As earthquakes go, tsunami earthquakes are rather weak. They occur in shallow depths in the ocean and are generally small in magnitude. However, these small earthquakes often produce powerful and surprisingly large tsunamis. Even earthquakes measuring as small as 5.6 on the Richter scale generates tsunami waves up to ten meters high when they reach land. With a global network of seismometers, researchers have been able to detect small earthquake virtually anywhere. However, the challenge lies in discerning why some small magnitude quakes cause tsunamis while others do not.

A new study that was published in the journal Earth and Planetary Science Letters has revealed that tsunami earthquakes may not be completely random, but rather may be caused by extinct undersea volcanoes causing a "sticking point" between two sections of tectonic plates. Researchers from the Imperial College of London and GNS Science in New Zealand used geophysical data that was collected originally for gas and oil exploration. They also used some historical accounts and eyewitness statements of previous tsunami earthquakes dating back as far as 1947. As tsunami earthquakes were only identified by scientists 35 years ago, research on these events is a bit of a rarity. Upon further inspection, the team located two extinct volcanoes off the coast of Poverty Bay and Tolaga Bay that have sunk beneath the crust off the coast of New Zealand in a process called subduction.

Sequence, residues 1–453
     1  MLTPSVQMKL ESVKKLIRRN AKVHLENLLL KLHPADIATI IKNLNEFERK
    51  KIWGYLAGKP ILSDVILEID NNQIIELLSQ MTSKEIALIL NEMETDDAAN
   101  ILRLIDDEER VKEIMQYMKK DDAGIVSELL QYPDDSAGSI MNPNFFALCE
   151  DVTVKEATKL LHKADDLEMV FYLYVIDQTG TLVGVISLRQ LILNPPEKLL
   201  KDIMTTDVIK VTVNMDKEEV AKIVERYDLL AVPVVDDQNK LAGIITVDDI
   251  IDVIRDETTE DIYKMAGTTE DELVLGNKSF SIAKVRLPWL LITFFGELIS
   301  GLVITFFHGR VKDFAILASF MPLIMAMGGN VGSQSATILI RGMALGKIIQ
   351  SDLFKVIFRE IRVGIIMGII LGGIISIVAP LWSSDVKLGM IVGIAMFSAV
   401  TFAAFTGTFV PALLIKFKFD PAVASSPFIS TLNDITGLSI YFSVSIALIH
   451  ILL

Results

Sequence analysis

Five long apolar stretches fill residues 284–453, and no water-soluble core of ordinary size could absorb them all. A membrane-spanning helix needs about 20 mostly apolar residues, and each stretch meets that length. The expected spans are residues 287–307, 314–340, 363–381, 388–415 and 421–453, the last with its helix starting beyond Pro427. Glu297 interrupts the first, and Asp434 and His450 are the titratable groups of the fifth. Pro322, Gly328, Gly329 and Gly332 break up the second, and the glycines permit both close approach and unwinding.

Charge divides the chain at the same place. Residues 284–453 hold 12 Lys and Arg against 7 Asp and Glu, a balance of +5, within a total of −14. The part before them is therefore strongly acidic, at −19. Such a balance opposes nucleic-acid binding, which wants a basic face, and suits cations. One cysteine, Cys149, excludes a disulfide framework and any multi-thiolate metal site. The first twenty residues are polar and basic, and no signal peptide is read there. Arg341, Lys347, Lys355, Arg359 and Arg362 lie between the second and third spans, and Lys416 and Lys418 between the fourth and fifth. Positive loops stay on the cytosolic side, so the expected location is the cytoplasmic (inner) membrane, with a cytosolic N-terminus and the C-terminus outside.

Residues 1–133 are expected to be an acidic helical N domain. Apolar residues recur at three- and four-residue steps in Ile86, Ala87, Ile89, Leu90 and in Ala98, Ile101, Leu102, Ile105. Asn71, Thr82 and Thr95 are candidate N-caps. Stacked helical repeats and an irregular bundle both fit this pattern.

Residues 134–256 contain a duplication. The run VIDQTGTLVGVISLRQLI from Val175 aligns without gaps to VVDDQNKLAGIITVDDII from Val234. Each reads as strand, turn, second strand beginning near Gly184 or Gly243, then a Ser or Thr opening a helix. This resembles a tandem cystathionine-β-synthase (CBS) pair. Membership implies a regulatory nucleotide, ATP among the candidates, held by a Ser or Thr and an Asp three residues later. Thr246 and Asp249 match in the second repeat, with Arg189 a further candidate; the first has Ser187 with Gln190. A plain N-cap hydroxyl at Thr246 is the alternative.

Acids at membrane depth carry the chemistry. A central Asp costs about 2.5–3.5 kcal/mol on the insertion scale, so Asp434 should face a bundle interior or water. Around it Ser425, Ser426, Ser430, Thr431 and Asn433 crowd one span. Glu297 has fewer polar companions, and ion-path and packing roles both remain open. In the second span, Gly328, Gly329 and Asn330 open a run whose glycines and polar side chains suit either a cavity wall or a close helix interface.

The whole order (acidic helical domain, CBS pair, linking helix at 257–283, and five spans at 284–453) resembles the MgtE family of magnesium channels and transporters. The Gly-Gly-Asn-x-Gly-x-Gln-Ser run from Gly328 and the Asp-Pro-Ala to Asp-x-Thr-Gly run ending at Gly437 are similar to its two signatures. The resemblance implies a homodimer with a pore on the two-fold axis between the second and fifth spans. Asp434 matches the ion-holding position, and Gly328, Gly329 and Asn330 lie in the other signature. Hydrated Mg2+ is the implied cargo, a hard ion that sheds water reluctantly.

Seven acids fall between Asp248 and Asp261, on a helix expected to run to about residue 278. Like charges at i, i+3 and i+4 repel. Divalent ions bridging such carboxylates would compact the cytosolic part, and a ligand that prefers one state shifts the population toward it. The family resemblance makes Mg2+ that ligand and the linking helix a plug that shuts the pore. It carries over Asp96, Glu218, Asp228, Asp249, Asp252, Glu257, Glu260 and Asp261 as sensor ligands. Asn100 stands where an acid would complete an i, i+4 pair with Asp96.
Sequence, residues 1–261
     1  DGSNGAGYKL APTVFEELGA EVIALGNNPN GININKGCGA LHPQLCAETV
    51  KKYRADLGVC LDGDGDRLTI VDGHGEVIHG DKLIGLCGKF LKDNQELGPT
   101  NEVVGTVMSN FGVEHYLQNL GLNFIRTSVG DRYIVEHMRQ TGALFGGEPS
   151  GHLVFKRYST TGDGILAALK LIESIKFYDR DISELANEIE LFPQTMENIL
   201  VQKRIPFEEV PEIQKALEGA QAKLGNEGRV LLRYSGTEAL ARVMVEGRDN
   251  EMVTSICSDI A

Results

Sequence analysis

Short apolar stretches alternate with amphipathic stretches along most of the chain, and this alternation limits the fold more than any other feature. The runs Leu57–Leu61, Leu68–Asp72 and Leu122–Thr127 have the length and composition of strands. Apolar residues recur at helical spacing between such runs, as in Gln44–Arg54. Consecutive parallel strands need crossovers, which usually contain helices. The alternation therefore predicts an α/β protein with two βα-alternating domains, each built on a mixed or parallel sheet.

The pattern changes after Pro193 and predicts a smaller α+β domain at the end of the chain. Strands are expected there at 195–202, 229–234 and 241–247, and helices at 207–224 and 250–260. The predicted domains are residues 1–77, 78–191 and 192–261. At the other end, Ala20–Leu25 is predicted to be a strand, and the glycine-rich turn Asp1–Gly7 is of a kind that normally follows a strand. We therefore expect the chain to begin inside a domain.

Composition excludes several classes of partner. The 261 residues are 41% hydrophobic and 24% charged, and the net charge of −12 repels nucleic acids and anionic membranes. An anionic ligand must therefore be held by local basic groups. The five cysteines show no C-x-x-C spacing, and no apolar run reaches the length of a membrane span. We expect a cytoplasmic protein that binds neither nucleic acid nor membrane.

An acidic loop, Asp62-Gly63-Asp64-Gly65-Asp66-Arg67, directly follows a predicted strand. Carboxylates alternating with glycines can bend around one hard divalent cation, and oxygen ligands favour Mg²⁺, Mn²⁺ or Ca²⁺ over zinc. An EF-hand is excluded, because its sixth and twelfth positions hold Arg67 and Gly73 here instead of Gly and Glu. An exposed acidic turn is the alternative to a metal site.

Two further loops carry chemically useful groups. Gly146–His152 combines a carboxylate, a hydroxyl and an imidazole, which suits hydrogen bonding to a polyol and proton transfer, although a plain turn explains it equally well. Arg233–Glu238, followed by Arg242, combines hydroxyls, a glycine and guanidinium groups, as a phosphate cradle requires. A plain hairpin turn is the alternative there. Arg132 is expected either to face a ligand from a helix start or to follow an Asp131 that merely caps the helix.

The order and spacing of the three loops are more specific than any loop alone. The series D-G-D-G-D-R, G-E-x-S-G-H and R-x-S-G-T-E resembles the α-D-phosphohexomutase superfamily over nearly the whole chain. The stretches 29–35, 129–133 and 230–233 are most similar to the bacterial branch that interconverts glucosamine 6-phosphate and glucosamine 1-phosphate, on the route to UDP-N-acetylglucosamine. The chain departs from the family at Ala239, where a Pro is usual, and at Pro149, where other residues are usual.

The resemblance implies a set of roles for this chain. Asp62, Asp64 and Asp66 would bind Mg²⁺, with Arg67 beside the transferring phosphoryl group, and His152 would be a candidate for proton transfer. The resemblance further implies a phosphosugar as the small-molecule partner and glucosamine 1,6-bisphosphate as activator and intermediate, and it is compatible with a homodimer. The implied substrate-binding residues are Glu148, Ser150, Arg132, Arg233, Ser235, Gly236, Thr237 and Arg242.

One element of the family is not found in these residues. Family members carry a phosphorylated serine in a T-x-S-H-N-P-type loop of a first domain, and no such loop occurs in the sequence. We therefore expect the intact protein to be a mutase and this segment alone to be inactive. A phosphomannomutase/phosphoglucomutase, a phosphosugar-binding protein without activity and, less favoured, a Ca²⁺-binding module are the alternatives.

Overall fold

Their research of these areas found that the volcanoes prove as a sort of sticking point between the Pacific tectonic plate and the New Zealand tectonic plate. When these two points become unstuck, as they did in 1947, it releases a lot of energy and causes massive movement on the ocean floor. This, in turn, causes the formation of large tsunamis. This research provides valuable insight into the event and now the scientists watching those seismometers around the world will be able to better pinpoint when an underwater earthquake is likely to produce a large tsunami.